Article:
In light of the recent Junot Díaz buzz, a friend asked me on Saturday if I would still teach him. My short answer was yes, and my long answer was if my students want to read him. This post is about why. Studying Díaz In college I knew I wanted to write and hadn't made … Continue reading Will I Still Teach Junot Díaz?
Just last week I put together an assignment to have students collaboratively take notes in class. This assignment stems from advice I received from three colleagues, so its very beginnings were collaborative. I am so humbled by the amazing work my fellow teachers are doing at CUNY. Where do I begin? What Do We Mean by … Continue reading Collaborate, Rotate, Note-Take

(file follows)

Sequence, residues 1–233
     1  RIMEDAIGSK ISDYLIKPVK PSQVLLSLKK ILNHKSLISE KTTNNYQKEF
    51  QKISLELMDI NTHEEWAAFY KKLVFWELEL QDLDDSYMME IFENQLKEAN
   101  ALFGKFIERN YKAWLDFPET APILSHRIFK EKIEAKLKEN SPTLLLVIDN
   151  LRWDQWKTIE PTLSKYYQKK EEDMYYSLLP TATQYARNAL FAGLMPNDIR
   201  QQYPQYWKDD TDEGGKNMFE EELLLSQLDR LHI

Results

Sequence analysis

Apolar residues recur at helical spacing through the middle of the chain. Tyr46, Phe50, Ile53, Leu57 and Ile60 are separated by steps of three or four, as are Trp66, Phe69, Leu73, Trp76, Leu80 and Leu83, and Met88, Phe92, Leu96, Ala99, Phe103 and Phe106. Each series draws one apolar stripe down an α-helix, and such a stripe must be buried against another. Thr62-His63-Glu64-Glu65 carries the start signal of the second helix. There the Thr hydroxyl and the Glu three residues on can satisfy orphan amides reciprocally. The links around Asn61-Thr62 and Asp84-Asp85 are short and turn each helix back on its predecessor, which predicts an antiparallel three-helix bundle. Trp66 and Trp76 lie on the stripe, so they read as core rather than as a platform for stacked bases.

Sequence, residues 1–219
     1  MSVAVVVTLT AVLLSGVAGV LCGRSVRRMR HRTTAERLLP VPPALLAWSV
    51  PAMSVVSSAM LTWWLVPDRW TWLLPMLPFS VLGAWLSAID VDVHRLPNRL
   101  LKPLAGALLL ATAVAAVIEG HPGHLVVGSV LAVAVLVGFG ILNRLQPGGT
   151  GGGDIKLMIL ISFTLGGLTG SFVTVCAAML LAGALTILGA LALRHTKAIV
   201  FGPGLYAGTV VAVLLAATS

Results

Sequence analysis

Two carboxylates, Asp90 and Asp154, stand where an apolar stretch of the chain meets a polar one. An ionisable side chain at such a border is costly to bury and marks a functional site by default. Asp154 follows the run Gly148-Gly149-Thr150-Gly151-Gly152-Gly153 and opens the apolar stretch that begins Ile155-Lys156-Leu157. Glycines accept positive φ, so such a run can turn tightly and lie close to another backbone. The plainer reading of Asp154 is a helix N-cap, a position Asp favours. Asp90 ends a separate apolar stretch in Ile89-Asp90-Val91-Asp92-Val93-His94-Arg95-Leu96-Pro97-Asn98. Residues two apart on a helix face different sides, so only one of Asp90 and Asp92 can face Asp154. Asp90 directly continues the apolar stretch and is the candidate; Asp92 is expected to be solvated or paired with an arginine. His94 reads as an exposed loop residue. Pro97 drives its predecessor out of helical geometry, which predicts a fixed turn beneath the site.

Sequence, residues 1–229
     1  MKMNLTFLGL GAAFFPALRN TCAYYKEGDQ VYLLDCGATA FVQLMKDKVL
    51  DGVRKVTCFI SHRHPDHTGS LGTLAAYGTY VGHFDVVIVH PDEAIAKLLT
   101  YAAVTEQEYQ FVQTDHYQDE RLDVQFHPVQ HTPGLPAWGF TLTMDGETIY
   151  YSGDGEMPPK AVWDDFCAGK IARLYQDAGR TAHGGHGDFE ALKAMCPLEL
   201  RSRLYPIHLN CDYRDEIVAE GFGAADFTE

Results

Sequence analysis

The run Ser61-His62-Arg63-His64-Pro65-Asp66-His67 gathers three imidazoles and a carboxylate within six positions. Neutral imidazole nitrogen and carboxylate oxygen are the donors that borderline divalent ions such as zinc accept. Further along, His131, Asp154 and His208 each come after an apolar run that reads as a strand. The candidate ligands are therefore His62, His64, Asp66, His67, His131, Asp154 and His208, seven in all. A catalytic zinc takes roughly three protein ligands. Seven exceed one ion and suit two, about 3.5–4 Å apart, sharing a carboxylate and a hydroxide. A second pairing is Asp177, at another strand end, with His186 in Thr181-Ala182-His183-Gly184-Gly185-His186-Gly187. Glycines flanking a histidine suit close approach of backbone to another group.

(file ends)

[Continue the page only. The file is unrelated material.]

About to begin teaching my favorite second-level composition course for the sixth time, I can safely say that I know every required secondary reading has a clear purpose in the syllabus. I look forward to how each one will inform and pivot in-class discussion, deepening our understanding of the primary texts and how they've been … Continue reading Use Secondary Sources in College Composition, But Use Them Wisely
This semester as I prepared my syllabus for the American Literature: Origins to the Civil War course, I wanted to get my students more engaged in collaborative multi-modal projects. One of these was to write a blog post comparing the American Puritans to one religious group from the HBO series The Game of Thrones. While students cringed … Continue reading American Lit: Collaborative Writing & Group Work